Hyperthyroidism in Cats
Hyperthyroidism is the most common hormonal illness affecting cats in Australia. It usually affects older cats and is caused by an excessive production of thyroid hormone by the thyroid glands in the neck.
What causes hyperthyroidism?
Hyperthyroidism in cats is caused by an overactive thyroid gland. Few cases of hyperthyroidism in cats are caused by cancerous thyroid tissue, most result from hyperplasia (excess growth) of the thyroid gland or benign functional tumours causing excess production of thyroid hormones. In most cases the glands on both sides are effected. The excessive thyroid hormones lead to an increase in overall body metabolism, affecting many organs of the body.
Hyperthyroidism is primarily a disease of cats. It rarely is diagnosed in dogs. Usually middle-aged to older cats are affected, and both male and female cats may develop hyperthyroidism.
What signs do you see?
- Excessive thirst and appetite
- Weight loss
- Hyperactivity or restlessness
- Change in temperament (a normally docile cat may become aggressive)
- Excessive urination, or urination in the house
- Poor hair coat
How is hyperthyroidism diagnosed?
Hyperthyroidism is diagnosed by a blood test, which can be performed by your veterinarian, although the result may need to be checked with a further test, sometimes performed by a medical specialist. If you suspect your cat is showing any of the symptoms, it is highly recommended to consult your vet as further problems can occur, including fatal heart complications.
Is there treatment for hyperthyroidism?
Treatment options include drug therapy, surgery, and radiotherapy.
Radioactive iodine therapy has a high success rate, and involves admitting your cat to a specialist hospital where it will be given a radioactive iodine tablet. Since your cat will be radioactive for 10 days, it needs to stay in hospital for that long, and you cannot visit it and it will only receive minimal attention from staff.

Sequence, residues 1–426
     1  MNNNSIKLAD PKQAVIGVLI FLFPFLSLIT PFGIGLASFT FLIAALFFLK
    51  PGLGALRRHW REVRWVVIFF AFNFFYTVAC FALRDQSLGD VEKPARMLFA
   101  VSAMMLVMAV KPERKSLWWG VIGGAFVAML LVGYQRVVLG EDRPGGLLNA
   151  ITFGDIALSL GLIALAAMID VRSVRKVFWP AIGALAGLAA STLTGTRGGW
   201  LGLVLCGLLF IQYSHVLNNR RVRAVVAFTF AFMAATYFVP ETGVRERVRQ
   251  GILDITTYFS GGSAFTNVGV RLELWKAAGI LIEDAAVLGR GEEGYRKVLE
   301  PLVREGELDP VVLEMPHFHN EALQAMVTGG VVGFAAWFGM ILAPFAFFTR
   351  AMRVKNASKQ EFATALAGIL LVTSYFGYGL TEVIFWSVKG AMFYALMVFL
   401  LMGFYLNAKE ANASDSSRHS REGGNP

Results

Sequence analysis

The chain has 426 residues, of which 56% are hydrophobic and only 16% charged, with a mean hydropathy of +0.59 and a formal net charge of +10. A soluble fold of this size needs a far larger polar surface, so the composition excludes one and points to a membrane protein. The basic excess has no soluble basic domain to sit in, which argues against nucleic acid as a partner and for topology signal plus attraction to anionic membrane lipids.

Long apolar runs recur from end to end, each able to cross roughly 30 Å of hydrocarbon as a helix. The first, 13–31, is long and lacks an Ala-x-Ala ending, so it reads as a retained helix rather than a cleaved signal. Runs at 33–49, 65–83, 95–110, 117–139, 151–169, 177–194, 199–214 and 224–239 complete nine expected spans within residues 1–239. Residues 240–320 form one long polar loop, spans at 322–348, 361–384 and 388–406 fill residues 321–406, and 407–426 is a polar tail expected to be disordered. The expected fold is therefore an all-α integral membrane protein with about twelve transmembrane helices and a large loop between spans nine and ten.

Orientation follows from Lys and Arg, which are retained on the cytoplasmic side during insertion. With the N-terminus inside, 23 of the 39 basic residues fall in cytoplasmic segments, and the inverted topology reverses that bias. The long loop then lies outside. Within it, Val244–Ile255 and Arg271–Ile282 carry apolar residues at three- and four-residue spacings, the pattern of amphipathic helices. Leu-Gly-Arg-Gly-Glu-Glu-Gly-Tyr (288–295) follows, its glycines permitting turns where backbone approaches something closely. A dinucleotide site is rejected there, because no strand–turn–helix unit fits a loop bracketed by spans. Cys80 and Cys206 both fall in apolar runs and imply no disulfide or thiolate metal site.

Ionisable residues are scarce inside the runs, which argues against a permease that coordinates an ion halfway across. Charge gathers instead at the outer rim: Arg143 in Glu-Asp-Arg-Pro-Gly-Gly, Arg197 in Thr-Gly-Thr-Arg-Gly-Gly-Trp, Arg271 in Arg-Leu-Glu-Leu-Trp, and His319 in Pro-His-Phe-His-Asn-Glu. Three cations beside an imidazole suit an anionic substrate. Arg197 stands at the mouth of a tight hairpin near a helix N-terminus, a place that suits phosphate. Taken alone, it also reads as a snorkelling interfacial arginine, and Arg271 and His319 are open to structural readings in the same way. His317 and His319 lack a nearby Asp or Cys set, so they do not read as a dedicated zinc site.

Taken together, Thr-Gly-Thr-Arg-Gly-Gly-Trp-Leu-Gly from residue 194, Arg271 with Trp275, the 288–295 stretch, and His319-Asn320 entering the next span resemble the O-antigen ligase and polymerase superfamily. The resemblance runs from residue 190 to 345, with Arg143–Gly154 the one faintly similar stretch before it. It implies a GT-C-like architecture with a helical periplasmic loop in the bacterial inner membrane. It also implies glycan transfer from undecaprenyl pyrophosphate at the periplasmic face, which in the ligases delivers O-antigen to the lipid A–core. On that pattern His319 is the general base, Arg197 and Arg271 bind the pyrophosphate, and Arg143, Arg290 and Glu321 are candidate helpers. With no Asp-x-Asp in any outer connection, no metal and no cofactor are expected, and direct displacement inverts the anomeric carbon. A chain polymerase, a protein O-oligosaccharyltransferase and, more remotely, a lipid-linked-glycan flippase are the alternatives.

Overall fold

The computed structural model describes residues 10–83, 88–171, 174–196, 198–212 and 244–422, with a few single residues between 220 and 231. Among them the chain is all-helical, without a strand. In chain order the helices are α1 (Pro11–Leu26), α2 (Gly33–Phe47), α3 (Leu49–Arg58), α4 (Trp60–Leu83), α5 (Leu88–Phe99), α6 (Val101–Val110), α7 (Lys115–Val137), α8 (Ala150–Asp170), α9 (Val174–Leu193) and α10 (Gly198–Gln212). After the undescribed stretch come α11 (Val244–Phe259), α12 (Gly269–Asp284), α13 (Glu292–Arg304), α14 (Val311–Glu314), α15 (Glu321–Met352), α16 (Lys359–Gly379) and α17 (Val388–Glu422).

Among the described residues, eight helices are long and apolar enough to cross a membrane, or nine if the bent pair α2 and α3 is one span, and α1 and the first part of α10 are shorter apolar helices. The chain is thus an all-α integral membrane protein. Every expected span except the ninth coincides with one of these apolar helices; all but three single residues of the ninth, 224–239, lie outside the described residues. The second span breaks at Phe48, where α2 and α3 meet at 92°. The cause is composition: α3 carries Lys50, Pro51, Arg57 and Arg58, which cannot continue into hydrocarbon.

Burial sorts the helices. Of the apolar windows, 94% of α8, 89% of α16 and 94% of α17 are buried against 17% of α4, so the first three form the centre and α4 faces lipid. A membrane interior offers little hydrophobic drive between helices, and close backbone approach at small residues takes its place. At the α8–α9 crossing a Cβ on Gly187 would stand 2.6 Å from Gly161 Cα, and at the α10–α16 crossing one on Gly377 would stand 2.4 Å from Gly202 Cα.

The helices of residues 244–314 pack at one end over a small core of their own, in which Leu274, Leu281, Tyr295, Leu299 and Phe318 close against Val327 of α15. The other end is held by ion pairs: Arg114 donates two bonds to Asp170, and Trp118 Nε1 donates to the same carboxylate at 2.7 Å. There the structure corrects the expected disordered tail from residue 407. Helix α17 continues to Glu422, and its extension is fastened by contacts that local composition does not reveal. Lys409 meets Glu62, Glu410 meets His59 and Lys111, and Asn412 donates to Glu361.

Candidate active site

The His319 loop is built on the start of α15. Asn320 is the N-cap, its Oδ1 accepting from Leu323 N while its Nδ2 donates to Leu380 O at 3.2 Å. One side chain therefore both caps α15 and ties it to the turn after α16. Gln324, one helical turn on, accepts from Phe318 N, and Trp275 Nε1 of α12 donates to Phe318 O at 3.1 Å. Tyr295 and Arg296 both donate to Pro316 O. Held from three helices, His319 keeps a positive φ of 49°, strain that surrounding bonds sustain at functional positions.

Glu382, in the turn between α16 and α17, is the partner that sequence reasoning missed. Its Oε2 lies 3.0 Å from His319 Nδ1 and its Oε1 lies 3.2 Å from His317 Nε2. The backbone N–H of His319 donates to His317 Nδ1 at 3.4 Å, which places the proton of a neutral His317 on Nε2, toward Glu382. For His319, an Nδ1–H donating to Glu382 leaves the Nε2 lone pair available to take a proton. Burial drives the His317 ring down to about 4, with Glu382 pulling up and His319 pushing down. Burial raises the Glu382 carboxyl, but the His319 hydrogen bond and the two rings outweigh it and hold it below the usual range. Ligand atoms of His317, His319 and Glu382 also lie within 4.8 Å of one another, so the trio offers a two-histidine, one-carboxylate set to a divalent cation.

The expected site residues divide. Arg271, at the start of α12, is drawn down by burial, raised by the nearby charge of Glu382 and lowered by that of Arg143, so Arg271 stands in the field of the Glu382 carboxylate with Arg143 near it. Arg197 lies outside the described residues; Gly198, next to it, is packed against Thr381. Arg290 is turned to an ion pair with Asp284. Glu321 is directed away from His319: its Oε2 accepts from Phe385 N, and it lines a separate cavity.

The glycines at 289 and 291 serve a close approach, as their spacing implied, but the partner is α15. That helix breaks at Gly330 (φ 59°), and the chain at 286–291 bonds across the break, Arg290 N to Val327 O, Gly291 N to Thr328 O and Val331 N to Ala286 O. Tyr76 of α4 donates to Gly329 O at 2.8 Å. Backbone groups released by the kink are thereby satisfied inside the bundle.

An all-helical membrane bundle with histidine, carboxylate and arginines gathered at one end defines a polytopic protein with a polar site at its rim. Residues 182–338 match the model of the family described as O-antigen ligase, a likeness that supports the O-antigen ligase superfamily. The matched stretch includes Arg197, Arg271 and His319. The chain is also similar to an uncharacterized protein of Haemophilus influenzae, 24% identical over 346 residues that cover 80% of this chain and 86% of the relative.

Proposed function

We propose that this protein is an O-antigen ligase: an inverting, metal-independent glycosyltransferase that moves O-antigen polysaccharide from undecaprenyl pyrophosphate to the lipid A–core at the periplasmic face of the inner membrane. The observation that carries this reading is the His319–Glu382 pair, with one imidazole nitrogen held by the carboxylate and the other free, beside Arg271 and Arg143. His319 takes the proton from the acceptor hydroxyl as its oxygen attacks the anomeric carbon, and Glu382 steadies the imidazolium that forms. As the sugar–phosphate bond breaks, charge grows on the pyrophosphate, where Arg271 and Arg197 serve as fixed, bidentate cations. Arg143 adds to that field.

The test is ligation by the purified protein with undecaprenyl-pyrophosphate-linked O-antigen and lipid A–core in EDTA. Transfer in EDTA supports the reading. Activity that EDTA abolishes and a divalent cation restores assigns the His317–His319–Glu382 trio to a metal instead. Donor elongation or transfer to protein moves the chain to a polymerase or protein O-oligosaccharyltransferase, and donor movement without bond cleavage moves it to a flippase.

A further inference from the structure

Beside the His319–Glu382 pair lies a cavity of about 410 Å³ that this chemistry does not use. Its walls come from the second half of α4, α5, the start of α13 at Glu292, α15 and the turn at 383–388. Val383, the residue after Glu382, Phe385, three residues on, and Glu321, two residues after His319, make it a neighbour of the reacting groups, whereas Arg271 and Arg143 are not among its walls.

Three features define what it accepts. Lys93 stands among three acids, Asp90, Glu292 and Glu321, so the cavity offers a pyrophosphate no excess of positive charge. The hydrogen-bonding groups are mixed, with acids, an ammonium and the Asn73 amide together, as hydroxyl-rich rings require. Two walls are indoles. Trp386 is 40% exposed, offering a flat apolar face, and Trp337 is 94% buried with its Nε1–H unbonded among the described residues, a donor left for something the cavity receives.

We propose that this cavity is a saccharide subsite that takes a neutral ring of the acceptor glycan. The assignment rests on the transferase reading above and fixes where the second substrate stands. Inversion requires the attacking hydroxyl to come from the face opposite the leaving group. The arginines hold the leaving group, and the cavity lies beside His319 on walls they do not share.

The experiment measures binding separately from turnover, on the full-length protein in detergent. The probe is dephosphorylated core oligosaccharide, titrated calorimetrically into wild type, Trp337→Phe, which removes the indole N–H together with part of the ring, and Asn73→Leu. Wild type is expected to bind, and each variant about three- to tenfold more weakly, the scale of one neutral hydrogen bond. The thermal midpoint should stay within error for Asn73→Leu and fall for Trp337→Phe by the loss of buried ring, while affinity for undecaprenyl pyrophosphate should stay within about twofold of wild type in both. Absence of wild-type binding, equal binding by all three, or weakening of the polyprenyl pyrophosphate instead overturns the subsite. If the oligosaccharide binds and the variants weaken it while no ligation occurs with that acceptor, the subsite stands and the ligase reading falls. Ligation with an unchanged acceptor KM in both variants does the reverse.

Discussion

Drug therapy controls the condition rather than curing it. You will need to give a tablet 2 or 3 times a day, but it is an option for owners who consider that their cat is too old and frail to survive the hospital stay for the other treatments, although there are some potential side effects to this form of treatment.
Surgery involves removal of the thyroid gland but this is risky surgery which needs to be performed by an experienced specialist surgeon, and is not commonly performed.
If treatment is successful, by whichever method, it is often amazing the difference it makes. Cats quickly become more relaxed and healthy, and back to the business of appreciating life. If left untreated, the increased metabolic rate, weight loss and weakness will become more severe and the cat will eventually succumb to heart failure.
Contributor: Dr Julia Adams BVSc